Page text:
RESTON, Va., July 20, 2020 — Christine Phipps, RPR, owner of Phipps Court Reporting, Inc., based in West Palm Beach, Fla., is set to be installed as the 2020-2021 President of theNational Court Reporters Association (NCRA), the country’s leading organization representing stenographic court reporters, captioners, and legal videographers. Phipps will take office on Aug. 8 during the Association’s Connect 2020, a virtual event that takes place Aug. 7-9 in lieu of the traditional Conference & Expo that was canceled due to COVID-19.
Phipps is a court reporter with 27 years of experience. She is the second NCRA member from Florida to serve as the Association’s President in its 121-year history.
As a single mother, she founded Phipps Reporting, which now has offices throughout Florida as well as satellite offices in 47 states. She is the recipient of a number of business awards including Woman of Outstanding Leadership by the International Women’s Leadership Association and Most Enterprising Women of the Year by Enterprising Women magazine. Her firm was included in Inc. magazine’s Fastest Growing Companies in America in 2014, 2015, 2016, 2017, 2018, and 2019.
Phipps holds the national professional certification of Registered Professional Reporter (RPR) and the Realtime Systems Administrator certificate. She is also a licensed court reporter in New Jersey and Tennessee, as well as an Eclipse software trainer.
“The court reporting profession has been so good to me and my family, and now is my chance to truly give back. I am honored to serve as NCRA President and look forward to working with the Association’s Board of Directors and all of its members to help further promote what court reporters and captioners do and the important roles they play in and out of the courtroom, boardroom, and classroom,” Phipps said.
“We not only preserve the official record, many of us also serve as vital links for members of the deaf and hard-of-hearing communities to access important information. For those reasons especially, it is imperative that we continue to share with the legal community, the business world, and the public just how essential what we do is,” she added.
At the national level, Phipps has co-chaired NCRA’s Technology Committee and Freelance Community of Interest Committee and served on the Association’s Strategic Alliance Task Force, and its Education Content and Vendor Task Force committees. Phipps participated in the rewrite of NCRA’s Deposition Handbook, is a frequent contributor to the JCR magazine, and has spoken at conventions. She has also served as a Director and Vice President for NCRA.
The court reporting and captioning professions offer viable career choices that do not require a four-year college degree and yet offer competitive salaries, flexible schedules, and interesting venues. There is currently an increasing demand for more reporters and captioners to meet the growing number of employment opportunities available nationwide and abroad. Court reporters and captioners rely on the latest in technology to use stenographic machines to capture the spoken word and translate it into written text in real time. These professionals work both in and out of the courtroom recording legal cases and depositions, providing live captioning of events, and assisting members of the deaf and hard-of-hearing communities with gaining access to information, entertainment, educational opportunities, and more.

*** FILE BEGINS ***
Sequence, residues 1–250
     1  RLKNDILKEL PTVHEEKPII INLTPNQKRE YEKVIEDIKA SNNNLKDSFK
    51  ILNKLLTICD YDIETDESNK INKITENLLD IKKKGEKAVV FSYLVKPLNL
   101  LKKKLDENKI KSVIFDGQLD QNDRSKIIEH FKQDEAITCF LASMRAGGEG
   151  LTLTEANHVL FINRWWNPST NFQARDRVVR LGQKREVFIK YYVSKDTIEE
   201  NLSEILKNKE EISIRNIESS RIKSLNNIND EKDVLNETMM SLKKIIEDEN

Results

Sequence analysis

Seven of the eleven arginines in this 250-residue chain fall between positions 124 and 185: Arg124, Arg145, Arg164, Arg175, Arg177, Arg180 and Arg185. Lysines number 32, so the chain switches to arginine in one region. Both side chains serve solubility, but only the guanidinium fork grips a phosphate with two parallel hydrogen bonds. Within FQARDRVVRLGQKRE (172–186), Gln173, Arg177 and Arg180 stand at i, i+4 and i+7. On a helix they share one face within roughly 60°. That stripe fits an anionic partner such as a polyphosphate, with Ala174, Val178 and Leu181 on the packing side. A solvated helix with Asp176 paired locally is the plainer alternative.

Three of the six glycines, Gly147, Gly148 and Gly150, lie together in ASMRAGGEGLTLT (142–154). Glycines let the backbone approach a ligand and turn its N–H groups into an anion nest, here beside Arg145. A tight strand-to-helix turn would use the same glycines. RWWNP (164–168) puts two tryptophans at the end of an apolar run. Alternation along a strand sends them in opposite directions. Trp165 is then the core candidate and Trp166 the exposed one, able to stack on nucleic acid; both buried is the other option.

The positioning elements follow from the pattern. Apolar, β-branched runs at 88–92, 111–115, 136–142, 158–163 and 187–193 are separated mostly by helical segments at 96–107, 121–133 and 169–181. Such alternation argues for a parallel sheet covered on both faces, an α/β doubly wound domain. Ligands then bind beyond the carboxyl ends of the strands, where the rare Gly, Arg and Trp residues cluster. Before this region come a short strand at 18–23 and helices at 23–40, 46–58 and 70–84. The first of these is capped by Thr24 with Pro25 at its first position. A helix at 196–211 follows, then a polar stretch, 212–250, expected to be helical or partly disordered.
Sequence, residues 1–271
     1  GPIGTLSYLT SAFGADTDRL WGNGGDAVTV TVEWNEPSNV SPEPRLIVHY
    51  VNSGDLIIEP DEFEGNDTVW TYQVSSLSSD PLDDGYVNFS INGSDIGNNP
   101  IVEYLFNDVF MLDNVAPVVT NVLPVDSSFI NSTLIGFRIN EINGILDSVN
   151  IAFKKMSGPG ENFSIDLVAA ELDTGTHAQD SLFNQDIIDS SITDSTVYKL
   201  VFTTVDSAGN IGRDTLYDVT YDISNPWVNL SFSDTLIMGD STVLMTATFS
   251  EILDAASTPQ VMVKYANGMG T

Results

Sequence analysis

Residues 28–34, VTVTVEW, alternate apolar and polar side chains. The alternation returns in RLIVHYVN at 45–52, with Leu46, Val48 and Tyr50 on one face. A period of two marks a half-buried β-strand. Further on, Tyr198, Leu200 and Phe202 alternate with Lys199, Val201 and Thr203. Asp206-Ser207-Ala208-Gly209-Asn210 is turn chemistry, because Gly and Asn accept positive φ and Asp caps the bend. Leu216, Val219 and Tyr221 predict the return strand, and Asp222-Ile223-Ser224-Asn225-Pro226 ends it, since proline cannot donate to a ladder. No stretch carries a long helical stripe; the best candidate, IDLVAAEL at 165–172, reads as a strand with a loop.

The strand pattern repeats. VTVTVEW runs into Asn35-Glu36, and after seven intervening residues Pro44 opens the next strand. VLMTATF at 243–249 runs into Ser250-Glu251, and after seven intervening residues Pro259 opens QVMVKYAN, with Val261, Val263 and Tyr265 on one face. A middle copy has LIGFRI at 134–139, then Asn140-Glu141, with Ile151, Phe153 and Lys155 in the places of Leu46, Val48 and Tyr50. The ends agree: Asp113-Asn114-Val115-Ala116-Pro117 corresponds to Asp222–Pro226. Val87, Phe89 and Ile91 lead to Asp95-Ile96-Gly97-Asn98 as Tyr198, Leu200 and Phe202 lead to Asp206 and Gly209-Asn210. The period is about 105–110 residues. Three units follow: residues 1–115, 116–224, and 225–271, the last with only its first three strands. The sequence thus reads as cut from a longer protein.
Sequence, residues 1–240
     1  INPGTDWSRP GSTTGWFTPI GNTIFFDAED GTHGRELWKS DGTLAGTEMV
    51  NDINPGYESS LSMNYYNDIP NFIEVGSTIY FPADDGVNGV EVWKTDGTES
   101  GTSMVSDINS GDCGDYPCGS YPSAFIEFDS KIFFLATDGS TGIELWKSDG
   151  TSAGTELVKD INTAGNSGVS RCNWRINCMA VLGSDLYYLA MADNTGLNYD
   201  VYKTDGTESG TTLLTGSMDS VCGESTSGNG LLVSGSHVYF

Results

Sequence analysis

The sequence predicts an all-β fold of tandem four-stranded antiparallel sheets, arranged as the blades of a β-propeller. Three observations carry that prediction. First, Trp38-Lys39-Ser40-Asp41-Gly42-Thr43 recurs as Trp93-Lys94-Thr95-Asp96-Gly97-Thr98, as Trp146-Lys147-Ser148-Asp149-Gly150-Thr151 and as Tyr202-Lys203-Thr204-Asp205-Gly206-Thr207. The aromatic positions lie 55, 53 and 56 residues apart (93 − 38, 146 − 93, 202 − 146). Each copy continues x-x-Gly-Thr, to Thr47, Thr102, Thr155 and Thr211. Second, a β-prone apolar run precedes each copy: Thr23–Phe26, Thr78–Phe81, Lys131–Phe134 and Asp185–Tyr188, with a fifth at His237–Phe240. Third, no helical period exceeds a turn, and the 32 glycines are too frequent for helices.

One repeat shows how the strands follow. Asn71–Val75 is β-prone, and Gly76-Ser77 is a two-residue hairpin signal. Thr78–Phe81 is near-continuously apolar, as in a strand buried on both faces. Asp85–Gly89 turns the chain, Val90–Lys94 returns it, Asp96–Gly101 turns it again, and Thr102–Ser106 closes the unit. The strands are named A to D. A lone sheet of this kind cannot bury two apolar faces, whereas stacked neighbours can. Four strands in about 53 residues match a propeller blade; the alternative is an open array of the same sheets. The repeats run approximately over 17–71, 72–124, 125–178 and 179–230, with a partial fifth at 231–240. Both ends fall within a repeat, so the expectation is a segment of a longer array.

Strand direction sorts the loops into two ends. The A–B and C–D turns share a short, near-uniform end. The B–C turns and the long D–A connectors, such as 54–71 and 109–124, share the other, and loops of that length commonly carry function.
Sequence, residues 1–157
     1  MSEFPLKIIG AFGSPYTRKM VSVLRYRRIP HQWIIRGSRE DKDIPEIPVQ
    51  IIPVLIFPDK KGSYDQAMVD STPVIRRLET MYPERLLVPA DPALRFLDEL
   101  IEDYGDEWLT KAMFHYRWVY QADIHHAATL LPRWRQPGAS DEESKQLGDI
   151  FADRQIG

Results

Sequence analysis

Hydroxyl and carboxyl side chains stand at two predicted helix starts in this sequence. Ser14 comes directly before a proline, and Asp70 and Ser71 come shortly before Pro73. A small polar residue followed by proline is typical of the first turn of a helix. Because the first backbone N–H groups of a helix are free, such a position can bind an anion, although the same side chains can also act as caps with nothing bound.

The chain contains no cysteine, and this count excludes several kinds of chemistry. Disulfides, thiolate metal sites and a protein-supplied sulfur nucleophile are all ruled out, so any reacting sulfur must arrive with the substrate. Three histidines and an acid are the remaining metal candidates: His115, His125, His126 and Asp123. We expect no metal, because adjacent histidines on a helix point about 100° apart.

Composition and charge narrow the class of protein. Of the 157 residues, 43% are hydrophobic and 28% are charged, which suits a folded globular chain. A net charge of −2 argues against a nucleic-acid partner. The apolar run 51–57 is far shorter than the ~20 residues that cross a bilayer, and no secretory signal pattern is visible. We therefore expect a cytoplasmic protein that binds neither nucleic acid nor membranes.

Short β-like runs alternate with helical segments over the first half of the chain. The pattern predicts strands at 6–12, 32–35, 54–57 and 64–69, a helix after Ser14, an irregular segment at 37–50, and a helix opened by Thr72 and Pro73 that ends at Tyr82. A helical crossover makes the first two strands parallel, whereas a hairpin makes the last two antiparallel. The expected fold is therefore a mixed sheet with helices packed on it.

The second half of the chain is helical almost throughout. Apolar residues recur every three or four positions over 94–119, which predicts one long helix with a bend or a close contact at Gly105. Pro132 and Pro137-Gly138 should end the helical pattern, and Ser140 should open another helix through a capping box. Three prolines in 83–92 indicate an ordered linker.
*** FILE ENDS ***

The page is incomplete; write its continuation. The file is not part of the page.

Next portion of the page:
To arrange an interview with a working court reporter or captioner, or to learn more about the lucrative and flexible court reporting or captioning professions and the many job opportunities currently available, contact firstname.lastname@example.org.
The National Court Reporters Association (NCRA) has been the internationally recognized for promoting excellence among those who capture and convert the spoken word to text for more than 100 years. NCRA is committed to supporting its more than 14,000 members in achieving the highest level of professional expertise with educational opportunities and industry-recognized court reporting, educator, and videographer certification programs. NCRA impacts legislative issues and the global marketplace through its actively involved membership.
Forbes has named court reporting as one of the best career options that does not require a traditional four-year degree. The U.S. Bureau of Labor Statistics reports that the court reporting field is expected to grow by 7 percent through the year 2028, faster than the projected employment growth across all occupations. According to 247/WallSt.com, the court reporting profession ranks sixth out of 25 careers with the lowest unemployment rate, just 0.7 percent. Career information about the court reporting profession—one of the leading career options that do not require a traditional four-year degree—can be found at NCRA DiscoverSteno.org.